Planners Say Politics Play Role in Site Selection | Sports Destination Management

Planners Say Politics Play Role in Site Selection

Nov 02, 2016 | By: Michael Popke

Earlier this year, before the presidential campaign became the hot mess it is now, Sports Destination Management posted an online poll that asked the following question: “Controversial legislation concerning potential sports destinations has been in the news. Would it influence your site selection?” A whopping 60 percent of you said it “very much” would, while nearly 27 percent said it “somewhat” would. About 13 percent of you didn’t have an answer, but none of you said “not at all.”

That’s why we weren’t surprised when Meeting Professionals International recently released the findings of its quarterly survey of senior-level meeting planners and suppliers. The “Summer 2016 Outlook” revealed that many destination decisions are motivated by politics.

As reported by Meetings and Conventions:

• 30 percent of respondents are avoiding cities and states with laws prohibiting universal restroom use.

• 27 percent say political elections have a significant influence on meetings and events.

• 19 percent are avoiding locations with more liberal handgun or weapons laws.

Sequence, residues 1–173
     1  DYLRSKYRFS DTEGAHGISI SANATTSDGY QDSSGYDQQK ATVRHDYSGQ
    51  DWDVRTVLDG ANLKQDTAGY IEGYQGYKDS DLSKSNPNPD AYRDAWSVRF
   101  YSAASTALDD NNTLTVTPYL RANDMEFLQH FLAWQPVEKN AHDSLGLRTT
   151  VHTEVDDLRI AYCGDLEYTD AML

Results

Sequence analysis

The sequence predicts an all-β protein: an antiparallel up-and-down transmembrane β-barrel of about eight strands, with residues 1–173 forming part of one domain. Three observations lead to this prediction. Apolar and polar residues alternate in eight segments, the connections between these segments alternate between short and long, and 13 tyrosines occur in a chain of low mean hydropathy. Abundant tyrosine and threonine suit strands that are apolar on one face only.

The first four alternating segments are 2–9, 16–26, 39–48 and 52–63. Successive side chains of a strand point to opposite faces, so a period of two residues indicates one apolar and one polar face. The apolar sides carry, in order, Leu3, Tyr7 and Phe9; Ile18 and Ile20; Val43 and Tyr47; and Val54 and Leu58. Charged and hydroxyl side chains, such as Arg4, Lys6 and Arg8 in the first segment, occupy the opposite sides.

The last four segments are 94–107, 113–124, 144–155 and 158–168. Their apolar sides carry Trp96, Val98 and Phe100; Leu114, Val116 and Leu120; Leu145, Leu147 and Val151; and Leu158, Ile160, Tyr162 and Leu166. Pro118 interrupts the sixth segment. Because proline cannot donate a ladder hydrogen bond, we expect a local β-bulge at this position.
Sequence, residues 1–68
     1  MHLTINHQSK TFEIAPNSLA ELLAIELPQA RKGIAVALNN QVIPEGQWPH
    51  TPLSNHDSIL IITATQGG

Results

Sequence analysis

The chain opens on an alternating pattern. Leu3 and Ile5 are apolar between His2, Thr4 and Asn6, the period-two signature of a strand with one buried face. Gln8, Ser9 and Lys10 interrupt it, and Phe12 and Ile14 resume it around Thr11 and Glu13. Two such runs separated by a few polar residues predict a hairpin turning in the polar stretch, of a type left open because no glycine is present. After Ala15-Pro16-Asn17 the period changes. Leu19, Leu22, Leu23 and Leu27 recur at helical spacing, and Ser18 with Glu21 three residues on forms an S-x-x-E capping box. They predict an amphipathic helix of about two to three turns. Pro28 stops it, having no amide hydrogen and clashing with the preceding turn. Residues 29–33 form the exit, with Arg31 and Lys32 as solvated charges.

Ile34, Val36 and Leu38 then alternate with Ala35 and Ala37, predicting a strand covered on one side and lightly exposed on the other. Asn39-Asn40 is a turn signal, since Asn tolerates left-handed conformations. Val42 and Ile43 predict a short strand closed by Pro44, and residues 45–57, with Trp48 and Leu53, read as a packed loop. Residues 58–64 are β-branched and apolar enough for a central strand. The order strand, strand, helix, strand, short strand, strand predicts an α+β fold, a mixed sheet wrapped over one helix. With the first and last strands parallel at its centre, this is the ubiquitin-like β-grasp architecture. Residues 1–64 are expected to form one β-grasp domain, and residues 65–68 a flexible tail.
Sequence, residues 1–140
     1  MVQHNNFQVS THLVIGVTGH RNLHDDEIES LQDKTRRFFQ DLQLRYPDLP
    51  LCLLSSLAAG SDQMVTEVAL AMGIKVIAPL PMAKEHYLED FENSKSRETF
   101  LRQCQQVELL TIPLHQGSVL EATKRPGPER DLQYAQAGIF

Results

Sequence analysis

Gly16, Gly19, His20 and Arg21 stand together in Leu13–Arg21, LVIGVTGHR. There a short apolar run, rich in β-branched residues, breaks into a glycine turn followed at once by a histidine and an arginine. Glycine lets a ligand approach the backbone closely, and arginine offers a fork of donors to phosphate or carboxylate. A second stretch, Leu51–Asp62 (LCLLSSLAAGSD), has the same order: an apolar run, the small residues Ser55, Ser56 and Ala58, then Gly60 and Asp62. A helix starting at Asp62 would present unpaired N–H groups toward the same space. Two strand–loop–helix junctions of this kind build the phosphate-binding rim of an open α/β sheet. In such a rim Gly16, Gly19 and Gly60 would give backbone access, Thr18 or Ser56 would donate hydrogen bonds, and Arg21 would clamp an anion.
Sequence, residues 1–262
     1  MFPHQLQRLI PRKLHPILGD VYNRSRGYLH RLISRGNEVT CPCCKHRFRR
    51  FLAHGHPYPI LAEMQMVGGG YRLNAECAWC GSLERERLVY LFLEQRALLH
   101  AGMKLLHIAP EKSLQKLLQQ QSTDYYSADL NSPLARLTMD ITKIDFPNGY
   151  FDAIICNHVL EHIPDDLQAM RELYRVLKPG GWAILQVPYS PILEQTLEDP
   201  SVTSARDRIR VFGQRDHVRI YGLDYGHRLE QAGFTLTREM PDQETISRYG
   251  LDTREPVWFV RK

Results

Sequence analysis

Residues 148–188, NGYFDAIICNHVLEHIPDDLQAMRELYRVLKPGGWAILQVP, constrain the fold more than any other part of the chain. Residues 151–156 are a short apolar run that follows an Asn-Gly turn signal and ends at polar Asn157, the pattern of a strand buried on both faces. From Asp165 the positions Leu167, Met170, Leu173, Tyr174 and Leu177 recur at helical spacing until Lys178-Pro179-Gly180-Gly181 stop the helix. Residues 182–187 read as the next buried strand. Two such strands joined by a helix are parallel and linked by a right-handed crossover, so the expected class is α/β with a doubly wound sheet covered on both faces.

In another survey conducted by Meetings and Conventions in June, 212 respondents were asked “Do or will laws concerning the rights of lesbian, gay, bisexual and transgender people affect your site-selection decisions?” Nearly half (49 percent) answered “absolutely.”
“The power of organizers and planners to relocate business due to political rulings that are deemed discriminatory is a formidable statement to local governments and bureaucrats,” wrote Kevin Iwamoto, a senior consultant for Goldspring Consulting, an independent travel consultancy based in North Carolina — a state with its fair share of political fallout lately. “At minimum, moving any large to mega-size event, sporting game, conference, etc., means a loss of millions of dollars in local and state tax revenues, plus the loss of revenue for local and state venues, hotels, restaurants, taxis, Uber and Lyft, retail shopping outlets and more.”

With Election Day less than a week away, what will November’s results mean for the sports destination business? It’s no exaggeration when we say the whole world is watching.

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